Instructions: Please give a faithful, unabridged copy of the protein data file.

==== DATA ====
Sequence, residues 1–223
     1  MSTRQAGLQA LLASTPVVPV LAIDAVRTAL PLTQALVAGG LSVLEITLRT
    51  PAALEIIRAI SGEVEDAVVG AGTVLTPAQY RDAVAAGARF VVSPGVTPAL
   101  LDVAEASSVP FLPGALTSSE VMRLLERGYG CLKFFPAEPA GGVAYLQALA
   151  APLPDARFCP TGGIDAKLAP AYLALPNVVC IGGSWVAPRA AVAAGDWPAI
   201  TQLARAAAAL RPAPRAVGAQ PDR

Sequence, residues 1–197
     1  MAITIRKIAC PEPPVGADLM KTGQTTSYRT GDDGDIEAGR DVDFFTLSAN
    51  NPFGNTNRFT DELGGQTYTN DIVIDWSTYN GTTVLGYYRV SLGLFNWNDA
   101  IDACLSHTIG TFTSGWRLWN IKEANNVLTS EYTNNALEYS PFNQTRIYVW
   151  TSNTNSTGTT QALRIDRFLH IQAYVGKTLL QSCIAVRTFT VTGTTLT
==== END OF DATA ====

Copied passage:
Sequence, residues 1–223
     1  MSTRQAGLQA LLASTPVVPV LAIDAVRTAL PLTQALVAGG LSVLEITLRT
    51  PAALEIIRAI SGEVEDAVVG AGTVLTPAQY RDAVAAGARF VVSPGVTPAL
   101  LDVAEASSVP FLPGALTSSE VMRLLERGYG CLKFFPAEPA GGVAYLQALA
   151  APLPDARFCP TGGIDAKLAP AYLALPNVVC IGGSWVAPRA AVAAGDWPAI
   201  TQLARAAAAL RPAPRAVGAQ PDR

Sequence, residues 1–197
     1  MAITIRKIAC PEPPVGADLM KTGQTTSYRT GDDGDIEAGR DVDFFTLSAN
    51  NPFGNTNRFT DELGGQTYTN DIVIDWSTYN GTTVLGYYRV SLGLFNWNDA
   101  IDACLSHTIG TFTSGWRLWN IKEANNVLTS EYTNNALEYS PFNQTRIYVW
   151  TSNTNSTGTT QALRIDRFLH IQAYVGKTLL QSCIAVRTFT VTGTTLT